There are three major sources of trust generation. Everything else is commentary:
- The ‘keep promises’. I can rely on you, You said you would, you did. You did not let me down. You walked the talk. Some people may call it reliable, consistent, and predictable. I call it trust, trustworthy. I trust you. You’ll trust me. We will keep our promises. (Keeping promises, or lack of it, still one of the greatest sources of disengagement in organizations and reasons for leaving).
- The ‘I can be vulnerable’. I made myself vulnerable by disclosing too much, by telling you about my weaknesses, my fault lines, my unfinished thoughts, my doubts, my hesitations, my half decisions my half truths, my insecurity. You did not take advantage. You did understand. Or not. But you did not exploit it, or gained from that, or made a killing out of my inferiority. Thanks. I am not worse off, not humiliated, actually, I am a bit of a more confident grown up.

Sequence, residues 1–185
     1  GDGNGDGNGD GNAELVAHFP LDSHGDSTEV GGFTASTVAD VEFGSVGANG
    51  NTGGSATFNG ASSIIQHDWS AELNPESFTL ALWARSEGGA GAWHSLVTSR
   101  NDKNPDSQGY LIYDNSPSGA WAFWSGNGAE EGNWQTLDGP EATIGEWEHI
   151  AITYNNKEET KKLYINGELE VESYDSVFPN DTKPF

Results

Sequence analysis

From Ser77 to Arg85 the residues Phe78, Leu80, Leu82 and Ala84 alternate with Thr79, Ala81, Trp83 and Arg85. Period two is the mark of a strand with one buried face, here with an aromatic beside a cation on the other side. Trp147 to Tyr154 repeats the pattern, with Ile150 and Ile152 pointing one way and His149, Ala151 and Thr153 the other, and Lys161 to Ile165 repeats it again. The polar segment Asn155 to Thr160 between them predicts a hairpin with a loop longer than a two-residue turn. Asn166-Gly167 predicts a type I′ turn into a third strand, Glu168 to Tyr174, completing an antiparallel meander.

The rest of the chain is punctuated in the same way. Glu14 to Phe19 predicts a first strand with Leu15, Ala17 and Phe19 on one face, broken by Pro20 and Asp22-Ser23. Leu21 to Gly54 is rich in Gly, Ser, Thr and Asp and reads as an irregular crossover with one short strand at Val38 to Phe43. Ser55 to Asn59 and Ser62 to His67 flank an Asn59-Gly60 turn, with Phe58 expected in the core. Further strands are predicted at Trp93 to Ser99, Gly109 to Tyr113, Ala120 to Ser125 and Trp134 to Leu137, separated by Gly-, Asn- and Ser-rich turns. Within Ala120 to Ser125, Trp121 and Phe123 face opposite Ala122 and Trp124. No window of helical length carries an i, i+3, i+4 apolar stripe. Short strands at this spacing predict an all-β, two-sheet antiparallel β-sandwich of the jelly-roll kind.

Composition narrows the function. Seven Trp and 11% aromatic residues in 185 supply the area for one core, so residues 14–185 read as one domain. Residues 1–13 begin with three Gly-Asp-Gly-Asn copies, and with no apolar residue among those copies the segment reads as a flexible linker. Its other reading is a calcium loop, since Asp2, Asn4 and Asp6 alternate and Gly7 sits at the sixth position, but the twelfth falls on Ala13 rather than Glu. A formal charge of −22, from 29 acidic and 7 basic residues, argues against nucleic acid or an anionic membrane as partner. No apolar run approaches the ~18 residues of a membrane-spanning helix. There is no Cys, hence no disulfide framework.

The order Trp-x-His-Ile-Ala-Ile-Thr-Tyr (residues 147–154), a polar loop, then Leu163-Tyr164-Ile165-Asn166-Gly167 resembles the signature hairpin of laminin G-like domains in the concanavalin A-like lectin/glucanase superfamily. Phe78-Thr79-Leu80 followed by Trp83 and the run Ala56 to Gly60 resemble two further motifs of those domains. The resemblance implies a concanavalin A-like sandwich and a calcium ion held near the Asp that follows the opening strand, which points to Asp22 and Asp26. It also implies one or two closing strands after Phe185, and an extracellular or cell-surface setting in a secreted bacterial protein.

- The ‘diamonds in an envelope’. New York Jewish communities trading in diamonds see the backwards and forwards of them in envelopes. That’s it. Not certified, not FEDEX, not signature. If you reach the envelope practice level, you’ve done very well on trust.
The three are connected, of course.
There is a fourth one. It’s blind and emotional and halo effect. I trust this guy, not sure why, speaks well, seems authentic, is a family guy, and religious, and speaks with authority, and is credible, and intelligent, and…
This is a package of trust, for better or for worse. But it works.
Trust is the greatest organizational oil. No trust? Slow or stuck machinery.
Keep promises, allow yourself to be vulnerable and send diamonds in envelops; that is the formula. Easy.